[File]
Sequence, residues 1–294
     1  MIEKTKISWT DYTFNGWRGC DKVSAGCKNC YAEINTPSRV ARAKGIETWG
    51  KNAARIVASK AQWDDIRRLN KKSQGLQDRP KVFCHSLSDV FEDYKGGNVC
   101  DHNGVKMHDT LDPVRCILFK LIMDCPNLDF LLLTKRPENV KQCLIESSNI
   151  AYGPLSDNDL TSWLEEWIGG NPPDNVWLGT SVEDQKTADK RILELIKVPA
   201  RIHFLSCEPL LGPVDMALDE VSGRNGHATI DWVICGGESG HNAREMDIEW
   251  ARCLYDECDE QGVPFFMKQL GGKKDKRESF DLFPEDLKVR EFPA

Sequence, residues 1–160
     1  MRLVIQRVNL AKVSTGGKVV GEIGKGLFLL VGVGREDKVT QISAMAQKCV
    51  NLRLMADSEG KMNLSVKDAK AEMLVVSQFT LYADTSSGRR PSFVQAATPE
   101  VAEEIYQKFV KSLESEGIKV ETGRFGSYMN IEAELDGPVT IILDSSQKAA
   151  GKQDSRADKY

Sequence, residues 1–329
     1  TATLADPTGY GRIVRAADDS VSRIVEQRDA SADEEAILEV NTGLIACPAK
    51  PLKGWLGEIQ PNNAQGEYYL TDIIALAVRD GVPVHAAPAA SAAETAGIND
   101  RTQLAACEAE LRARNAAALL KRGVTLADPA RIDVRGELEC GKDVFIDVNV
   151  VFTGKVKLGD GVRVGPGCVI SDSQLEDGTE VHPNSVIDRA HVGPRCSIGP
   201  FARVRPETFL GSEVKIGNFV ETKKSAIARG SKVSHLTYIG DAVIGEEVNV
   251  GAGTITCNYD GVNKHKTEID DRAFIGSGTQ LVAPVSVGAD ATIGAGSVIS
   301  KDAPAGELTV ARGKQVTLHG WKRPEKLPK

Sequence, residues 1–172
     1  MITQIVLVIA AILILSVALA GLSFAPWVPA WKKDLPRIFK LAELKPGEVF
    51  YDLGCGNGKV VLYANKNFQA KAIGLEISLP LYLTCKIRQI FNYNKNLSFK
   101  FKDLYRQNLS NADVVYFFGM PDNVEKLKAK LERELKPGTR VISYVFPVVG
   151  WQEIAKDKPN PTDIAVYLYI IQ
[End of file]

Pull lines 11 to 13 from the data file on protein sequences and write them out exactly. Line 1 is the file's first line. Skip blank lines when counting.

   101  VAEEIYQKFV KSLESEGIKV ETGRFGSYMN IEAELDGPVT IILDSSQKAA
   151  GKQDSRADKY

Sequence, residues 1–329